Leiden Law Blog

Travel bans for known child sex offenders: tackling the “paedophile” threat?

Travel bans for known child sex offenders: tackling the “paedophile” threat?

Recently, Australia adopted a new law to revoke the passports of known child sex offenders in what the Justice Minister framed as “the strongest crackdown on child sex tourism ever”. Australia is not the only state with plans to do so; in the Netherlands, too, several political parties and organisations appear to be in favour of a similar measure. While it is praiseworthy that governments are taking responsibility to protect children abroad from abuse by their citizens, from a criminological viewpoint one might ask: will passport revocation measures be effective enough to “crack down” on this phenomenon?

Transnational child sexual abuse, also known as child sex tourism, is increasingly recognised as a global problem which impacts every region of the world. Governments across the globe have responded to combat and prevent this phenomenon in various ways, with some measures seeking specifically to prevent known child sex offenders from reoffending abroad. In Australia, registered child sex offenders will be prohibited from leaving the country or holding Australian passports; the idea being that in doing so, sex offenders will no longer be able to travel abroad to sexually abuse children there. In the Netherlands, the Dutch Rapporteur on Trafficking in Human Beings has advocated for a similar measure.

From a criminological viewpoint, it is clear that a travel ban and passport revocation measures will only affect a very specific group of (potential) perpetrators. Unsurprisingly, the travel ban is imposed on known child sex offenders: therefore new offenders, who are as yet unknown to the judicial authorities, are unaffected by the measure. In addition, the law-makers behind this bill appear to operate under the assumption that transnational child sex offenders are – as remarked by the Australian senator behind the bill – “paedophiles” going on “child rape holidays”. This image is not only incorrect, but actually unhelpful.

As we described in a recent report, perpetrators of child sexual abuse can be distinguished into two groups: so-called preferential offenders, who travel abroad with the deliberate intention to have sexual contact with a child, and situational offenders, who appear to commit this offence ‘by chance’ when the opportunity arises at the place of destination. Various experts believe that these situational offenders constitute the invisible majority of transnational child sex offenders. In framing child sex tourism as a threat by “paedophiles”, and drawing up laws that target only the preferential offender group, law-makers therefore risk turning a blind eye to a significant portion of offenders. Ultimately, this could mean that the police, judicial authorities, and policymakers are investing a great deal of time, trouble, and human and financial resources in measures that can only be effective for a small proportion of the offender population.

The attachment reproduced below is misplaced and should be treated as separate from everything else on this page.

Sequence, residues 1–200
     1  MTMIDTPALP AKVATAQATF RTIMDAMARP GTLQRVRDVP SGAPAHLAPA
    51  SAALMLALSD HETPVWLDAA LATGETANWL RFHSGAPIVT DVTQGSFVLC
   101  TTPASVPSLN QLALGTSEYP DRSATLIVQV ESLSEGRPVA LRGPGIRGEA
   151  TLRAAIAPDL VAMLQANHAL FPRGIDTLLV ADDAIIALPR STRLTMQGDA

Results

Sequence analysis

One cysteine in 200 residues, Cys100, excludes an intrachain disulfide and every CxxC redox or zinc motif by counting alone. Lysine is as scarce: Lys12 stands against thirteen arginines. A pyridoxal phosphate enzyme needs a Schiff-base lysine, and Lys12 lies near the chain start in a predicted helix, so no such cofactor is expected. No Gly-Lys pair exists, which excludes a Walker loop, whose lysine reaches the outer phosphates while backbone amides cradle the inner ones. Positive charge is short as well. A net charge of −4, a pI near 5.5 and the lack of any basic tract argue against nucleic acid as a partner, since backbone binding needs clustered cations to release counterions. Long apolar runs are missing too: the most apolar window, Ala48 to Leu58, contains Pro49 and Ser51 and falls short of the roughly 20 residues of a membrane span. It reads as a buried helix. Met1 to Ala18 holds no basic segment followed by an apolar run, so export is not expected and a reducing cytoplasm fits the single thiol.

Though it is commendable that governments are taking responsibility to “crack down” on sexual abuse by their citizens in other countries, the superlatives in the rhetoric about this particular Australian measure are undue. A travel ban should, at best, be considered as a starting point. Moving forward, a holistic approach is needed, made up of different policy measures that are tailored to the different types of offenders and their different methods, not just to the “paedophile” stereotype. And herein lies the responsibility, mission, and challenge for us, the scientific community: to further investigate the different faces and forms of this harmful phenomenon, so that law enforcement and policy can combat it more effectively.

To read more about the characteristics, motives and methods of transnational child sex offenders, see the report by Koning & Rijksen-van Dijke (2016) here (in Dutch). An English version will be available this summer. 

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